A cell is the smallest biological unit of an organism; all living things are made of one or more cells.
Different cells have different shapes and different parts because they perform different functions. A nerve cell has branches to communicate with other cells. A muscle cell is full of special proteins that allow it to shorten, or contract. Mature red blood cells have cytoplasm that is rich in a special protein called hemoglobin, which gives them their red color and allows them to carry oxygen efficiently. The basic structure of these cells is shown in Figure 2. As you can see, each cell has a particular shape, and this along with special components help it to do its job. The process by which cells change and adapt for a specific role is called specialization.
Specialization is the development of cells and structures they contain that results in the cells being adapted to perform a specific function.
We have mentioned that our bodies have trillions of cells and that those cells are organized into other structures. A group of cells that work together to perform a specific function is called a tissue. In animals, some types of tissues can be considered simple if they are made up of only one layer of cells or can be considered compound if they are composed of more than one layer.
A tissue is a group of specialized cells that work together to carry out specific functions.
There are 4 main types of tissues in the human body: nervous tissue, muscular tissue, epithelial tissue, and connective tissue. These types of tissue and their basic functions are outlined in Table 1.
|Lining tissue made up of single or multiple layers of
cells that cover the external surface of the body and
line the internal surfaces (e.g., the digestive tract)
|Communicative tissue composed of cells (neurons) that send
and receive electrical impulses and cells that support them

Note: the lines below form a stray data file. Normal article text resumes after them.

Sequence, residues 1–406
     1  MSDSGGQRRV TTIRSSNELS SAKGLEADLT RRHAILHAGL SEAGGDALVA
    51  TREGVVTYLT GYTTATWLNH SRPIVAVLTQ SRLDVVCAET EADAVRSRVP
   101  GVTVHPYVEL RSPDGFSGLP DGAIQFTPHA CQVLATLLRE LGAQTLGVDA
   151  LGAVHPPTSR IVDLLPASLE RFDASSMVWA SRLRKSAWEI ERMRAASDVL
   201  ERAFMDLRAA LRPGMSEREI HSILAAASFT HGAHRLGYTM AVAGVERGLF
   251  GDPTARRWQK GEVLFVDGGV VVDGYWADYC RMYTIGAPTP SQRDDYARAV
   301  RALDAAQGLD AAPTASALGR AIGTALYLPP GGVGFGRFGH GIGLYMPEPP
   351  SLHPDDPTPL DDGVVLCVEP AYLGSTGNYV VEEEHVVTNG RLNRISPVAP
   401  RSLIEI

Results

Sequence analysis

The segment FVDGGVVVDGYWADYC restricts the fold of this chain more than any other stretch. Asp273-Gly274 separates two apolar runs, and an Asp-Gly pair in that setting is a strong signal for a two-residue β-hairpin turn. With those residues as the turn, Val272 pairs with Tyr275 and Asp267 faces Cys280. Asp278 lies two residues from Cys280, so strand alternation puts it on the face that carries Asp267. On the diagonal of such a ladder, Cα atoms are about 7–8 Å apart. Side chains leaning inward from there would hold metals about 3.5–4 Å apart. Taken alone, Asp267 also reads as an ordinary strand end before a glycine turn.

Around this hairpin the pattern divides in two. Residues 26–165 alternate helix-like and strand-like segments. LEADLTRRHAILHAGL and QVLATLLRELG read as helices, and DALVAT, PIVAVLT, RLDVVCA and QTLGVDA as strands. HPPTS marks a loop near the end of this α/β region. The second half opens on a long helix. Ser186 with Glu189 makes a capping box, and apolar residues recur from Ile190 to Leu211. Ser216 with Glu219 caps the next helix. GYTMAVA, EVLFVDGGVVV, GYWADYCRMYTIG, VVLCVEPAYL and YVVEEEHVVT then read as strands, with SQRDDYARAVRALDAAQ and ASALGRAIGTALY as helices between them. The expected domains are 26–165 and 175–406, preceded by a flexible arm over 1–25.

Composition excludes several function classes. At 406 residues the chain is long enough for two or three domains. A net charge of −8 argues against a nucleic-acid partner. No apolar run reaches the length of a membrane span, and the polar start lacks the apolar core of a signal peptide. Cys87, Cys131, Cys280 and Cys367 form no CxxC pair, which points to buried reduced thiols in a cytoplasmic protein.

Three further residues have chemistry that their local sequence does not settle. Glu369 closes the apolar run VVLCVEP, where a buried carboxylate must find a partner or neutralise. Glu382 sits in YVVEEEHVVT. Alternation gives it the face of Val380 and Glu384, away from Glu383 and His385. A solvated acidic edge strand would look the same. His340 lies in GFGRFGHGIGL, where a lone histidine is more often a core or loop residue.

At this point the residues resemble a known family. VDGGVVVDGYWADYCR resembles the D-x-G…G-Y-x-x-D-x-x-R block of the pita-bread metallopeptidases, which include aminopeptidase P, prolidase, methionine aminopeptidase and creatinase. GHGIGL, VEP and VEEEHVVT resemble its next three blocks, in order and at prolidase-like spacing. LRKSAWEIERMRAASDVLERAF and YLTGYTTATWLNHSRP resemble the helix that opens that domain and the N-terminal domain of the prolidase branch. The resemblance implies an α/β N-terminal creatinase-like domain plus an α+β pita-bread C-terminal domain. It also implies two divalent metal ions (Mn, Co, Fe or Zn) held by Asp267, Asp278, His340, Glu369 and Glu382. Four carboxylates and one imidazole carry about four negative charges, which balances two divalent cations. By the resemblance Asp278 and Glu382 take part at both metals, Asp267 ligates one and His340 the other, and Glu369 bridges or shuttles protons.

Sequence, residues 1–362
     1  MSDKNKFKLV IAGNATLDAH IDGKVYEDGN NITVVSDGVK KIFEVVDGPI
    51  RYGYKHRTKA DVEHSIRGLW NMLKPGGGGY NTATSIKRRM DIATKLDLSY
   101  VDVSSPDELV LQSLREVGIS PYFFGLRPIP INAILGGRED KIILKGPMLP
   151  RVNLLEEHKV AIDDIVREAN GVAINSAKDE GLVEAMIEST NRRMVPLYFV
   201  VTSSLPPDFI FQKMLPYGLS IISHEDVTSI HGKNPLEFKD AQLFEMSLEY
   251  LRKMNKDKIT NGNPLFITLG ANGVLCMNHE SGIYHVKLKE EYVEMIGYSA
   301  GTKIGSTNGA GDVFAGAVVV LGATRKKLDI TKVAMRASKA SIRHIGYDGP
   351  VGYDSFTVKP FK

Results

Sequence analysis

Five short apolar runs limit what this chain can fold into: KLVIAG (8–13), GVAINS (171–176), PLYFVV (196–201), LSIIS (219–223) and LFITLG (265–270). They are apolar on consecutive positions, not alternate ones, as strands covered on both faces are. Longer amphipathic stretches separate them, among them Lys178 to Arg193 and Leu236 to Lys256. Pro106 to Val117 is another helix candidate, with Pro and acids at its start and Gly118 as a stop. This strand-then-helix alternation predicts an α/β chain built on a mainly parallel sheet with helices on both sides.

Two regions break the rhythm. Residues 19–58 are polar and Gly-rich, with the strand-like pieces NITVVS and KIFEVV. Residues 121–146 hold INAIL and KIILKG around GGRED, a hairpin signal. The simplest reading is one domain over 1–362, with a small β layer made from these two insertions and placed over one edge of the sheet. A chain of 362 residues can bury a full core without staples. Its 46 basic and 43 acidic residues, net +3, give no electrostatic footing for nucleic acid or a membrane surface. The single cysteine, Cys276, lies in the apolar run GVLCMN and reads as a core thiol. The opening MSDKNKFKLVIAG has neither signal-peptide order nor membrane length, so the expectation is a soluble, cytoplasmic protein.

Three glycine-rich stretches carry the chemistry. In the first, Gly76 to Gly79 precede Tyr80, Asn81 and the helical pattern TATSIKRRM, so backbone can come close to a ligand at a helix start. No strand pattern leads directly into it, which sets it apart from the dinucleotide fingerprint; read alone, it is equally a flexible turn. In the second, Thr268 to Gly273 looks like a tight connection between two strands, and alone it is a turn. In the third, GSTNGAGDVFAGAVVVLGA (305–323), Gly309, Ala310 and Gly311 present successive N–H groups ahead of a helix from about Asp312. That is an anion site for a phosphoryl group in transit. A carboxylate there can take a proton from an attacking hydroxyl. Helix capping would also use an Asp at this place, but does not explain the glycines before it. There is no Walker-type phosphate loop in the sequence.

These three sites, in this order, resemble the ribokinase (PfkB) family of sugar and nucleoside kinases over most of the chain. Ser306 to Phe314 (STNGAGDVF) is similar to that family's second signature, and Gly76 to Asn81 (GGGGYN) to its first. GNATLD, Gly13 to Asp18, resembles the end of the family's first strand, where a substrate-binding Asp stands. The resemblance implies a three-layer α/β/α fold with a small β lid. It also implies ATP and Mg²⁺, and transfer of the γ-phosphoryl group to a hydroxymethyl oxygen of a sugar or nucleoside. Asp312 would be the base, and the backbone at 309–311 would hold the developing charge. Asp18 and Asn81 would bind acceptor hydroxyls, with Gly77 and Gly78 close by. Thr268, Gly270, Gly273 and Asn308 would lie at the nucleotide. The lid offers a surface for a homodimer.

|Motor tissue made up of cells that cause movement of
body parts by shortening, or contracting, and relaxing
|Connective tissue composed of cells suspended in a
matrix that supports, protects, binds, or otherwise
connects other structures
Just like how cells have special parts that allow them to do their job, the job a tissue can do is determined by the types of cells it is made of. Blood is an example of a type of connective tissue. Blood consists of red blood cells, white blood cells, platelets, and plasma. These components and their relative proportions are given in Figure 3.
Red blood cells carry oxygen, white blood cells fight infection, platelets prevent bleeding, and plasma is a medium that transports these cells and other substances like nutrients throughout the body. These all work together to carry out the primary function of your blood, which is to carry nutrients and materials throughout the body, from place to place.
Example 2: Identifying the Type of Cells that Line the Stomach and Small Intestine
What type of specialized cells line the stomach and small intestine?
- Nervous cells
- Epithelial cells
- Connective cells
- Stem cells
Different types of cells have different structures that make them adapted to different functions. A group of cells that work together to carry out a particular function are called a tissue. Tissues that line the inside and outside of the structures of our bodies are called “epithelial tissues.” The prefix “epi-” means “upon” or “around.” Epithelial tissue is made of specialized lining cells called “epithelial cells.” These cells form different types of barriers depending on their shapes and structures. They are also usually easily replaceable since, in their role as coverings, they tend to become damaged and worn out quickly.
So, the cells that line the stomach and small intestine are B: epithelial cells.